You're young i assume, like many of us, but you seem a little uncertain (from the way you phrased your question). Most of us applying for law will know to some degree why we want to do it and the sheer amount of work/studying involved. I think the best way to address this uncertainty is not just to ask for and listen to advice but to try it yourself.

(Im doing law at A level, my mother's a solicitor and my aunt's a District Judge in Manchester so i have a background in legal work and know whats involved)
1
reply
TK_23
Badges: 16
Rep:
? You'll earn badges for being active around the site. Rep gems come when your posts are rated by other community members.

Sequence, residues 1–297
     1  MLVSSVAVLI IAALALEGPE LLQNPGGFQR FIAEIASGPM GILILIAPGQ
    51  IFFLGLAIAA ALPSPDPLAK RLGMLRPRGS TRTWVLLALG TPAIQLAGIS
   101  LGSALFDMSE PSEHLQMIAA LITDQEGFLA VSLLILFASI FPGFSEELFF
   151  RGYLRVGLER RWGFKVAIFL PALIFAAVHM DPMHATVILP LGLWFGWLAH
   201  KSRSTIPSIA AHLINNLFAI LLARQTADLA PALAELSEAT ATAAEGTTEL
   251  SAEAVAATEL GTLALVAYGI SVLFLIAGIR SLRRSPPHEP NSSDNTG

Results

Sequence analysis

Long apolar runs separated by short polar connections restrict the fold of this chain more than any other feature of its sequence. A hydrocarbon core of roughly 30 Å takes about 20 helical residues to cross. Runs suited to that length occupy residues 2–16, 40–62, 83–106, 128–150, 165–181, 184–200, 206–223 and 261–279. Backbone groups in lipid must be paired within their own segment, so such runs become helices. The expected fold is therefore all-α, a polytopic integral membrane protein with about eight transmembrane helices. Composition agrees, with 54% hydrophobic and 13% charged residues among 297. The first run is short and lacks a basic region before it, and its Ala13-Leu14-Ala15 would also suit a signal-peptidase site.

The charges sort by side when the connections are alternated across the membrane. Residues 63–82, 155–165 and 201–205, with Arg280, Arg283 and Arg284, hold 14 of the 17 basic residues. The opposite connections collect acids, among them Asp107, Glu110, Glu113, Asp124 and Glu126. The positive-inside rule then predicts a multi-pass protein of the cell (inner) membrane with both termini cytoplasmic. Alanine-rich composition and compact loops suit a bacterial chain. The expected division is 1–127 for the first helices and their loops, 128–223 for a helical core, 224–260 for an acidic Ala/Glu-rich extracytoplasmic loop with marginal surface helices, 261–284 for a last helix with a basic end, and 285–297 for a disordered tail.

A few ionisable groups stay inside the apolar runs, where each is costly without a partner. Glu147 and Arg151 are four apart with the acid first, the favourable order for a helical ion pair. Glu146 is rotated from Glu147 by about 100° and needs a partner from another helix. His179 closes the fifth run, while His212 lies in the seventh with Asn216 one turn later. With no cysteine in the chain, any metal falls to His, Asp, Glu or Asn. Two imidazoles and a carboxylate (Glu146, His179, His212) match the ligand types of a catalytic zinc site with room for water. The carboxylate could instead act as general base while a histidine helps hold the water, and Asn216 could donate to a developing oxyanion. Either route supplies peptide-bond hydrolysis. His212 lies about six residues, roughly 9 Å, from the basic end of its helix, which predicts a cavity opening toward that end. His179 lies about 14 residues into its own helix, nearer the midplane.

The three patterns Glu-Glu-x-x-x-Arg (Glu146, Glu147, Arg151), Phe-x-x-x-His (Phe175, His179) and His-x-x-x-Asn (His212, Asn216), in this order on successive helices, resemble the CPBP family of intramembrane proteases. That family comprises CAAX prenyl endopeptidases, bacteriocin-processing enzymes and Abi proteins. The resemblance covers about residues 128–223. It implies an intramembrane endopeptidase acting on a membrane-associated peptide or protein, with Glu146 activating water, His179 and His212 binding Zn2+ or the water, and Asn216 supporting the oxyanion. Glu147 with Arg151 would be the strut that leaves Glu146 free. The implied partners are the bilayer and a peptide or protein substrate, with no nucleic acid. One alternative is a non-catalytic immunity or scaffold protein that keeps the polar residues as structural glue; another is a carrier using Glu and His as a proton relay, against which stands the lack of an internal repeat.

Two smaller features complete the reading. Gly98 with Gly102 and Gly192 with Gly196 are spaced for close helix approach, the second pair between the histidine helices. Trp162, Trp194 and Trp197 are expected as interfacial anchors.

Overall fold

#3
Report 5 years ago
#3
OvergrownMoose
0
reply
999tigger
Badges: 19
? You'll earn badges for being active around the site. Rep gems come when your posts are rated by other community members.
#4
Report 5 years ago
#4
It doesnt matter that you didnt do A level law.
Bear in mind you are asking to be let on a course to be an academic and that's different from practcing law.
Your answers dont sound very developed yet so do some research to understand what studying law involves and what appeals to you about it. Work experience is not essential.

The best answers imo sound genuine and offer a good insight into your potential as a student. They help you stand out compared against the many predictable ones.

If you want ideas of the basics of possible reasons then google is your friend. You can use those answers to help you think about different ways you can approach it. You cna also get your PS chcked one by a PS reviewer on TSR. G luck.